The Rufous-backed Redstart (Phoenicurus erythronotus), also known as Eversmann’s Redstart, is a passerine bird belonging to the genus Phoenicurus. It breeds in the mountains of Central Asia and southern Siberia from the Tien Shan range to the Tarbagatay and Altay Mountains and near Lake Baikal. Some birds move downhill for the winter while others, especially in the north-east of the range, migrate longer distances. The wintering range extends from southern Iraq through Iran and Pakistan to the western Himalayas. A few birds reach eastern Arabia. It has occurred as a vagrant in Israel and Turkey.
It is one of the larger Redstarts, averaging 6 inches long with a wingspan of 10.25 inches. The bill and legs are black. The male in breeding plumage has a black mask and gray crown and nape. The back and rump are rufous and the tail is also rufous apart from the darker central feathers. The wings are dark with white patches on the scapulars and primary-coverts. The underparts are mainly rufous with white on the belly and undertail-coverts.
Non-breeding and first-winter males are similar but much duller and browner. Females are mostly gray-brown. They have a rufous tail with a dark center, a pale eye-ring, two buff wing bars and buff edges to the flight feather edges. The tail is often flicked up and down. The song is loud and lively. The birds also have a soft, croaking call and a whistling call.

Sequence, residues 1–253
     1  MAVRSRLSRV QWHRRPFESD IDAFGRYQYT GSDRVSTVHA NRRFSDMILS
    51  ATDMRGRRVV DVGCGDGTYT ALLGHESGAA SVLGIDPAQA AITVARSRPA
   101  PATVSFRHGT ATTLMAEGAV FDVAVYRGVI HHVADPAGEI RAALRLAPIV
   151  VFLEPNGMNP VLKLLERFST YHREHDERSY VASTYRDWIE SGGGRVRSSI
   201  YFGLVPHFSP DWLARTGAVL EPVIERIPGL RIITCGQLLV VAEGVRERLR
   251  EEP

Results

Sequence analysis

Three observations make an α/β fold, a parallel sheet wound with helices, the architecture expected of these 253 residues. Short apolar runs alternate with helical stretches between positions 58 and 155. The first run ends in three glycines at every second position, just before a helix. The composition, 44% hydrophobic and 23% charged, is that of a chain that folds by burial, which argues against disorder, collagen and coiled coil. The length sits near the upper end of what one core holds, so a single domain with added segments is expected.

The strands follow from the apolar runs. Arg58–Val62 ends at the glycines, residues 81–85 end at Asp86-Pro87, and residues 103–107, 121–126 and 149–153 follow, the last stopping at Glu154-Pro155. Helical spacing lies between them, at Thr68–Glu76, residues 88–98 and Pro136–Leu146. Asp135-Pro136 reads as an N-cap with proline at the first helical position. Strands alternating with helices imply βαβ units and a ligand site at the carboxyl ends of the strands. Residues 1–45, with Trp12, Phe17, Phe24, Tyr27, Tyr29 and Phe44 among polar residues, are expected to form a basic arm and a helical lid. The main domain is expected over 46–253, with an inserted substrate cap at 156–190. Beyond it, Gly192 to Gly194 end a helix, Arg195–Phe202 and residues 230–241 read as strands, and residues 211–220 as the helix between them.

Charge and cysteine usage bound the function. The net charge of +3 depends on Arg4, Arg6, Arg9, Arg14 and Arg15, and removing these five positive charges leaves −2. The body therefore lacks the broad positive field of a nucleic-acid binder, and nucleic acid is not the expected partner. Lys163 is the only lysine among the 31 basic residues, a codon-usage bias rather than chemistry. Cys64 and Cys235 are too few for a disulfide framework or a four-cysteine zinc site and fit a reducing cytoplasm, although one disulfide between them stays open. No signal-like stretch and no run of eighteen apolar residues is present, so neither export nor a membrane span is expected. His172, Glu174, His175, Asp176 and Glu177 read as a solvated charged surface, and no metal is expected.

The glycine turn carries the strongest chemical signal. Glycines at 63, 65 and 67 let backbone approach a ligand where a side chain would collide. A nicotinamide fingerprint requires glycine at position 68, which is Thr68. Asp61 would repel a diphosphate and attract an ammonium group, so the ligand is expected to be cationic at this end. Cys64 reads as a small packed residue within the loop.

It was formerly classified in the thrush family Turdidae but is now placed in the Old World flycatcher family Muscicapidae. It was described by the German biologist Eduard Friedrich Eversmann who is commemorated in the alternative English name for the bird.
It inhabits forest and woodland during the breeding season, reaching 17,500 feet above sea-level. In winter it is seen in more open and arid habitats. Insects form the bulk of its diet during the breeding season but fruit and seeds are important in winter.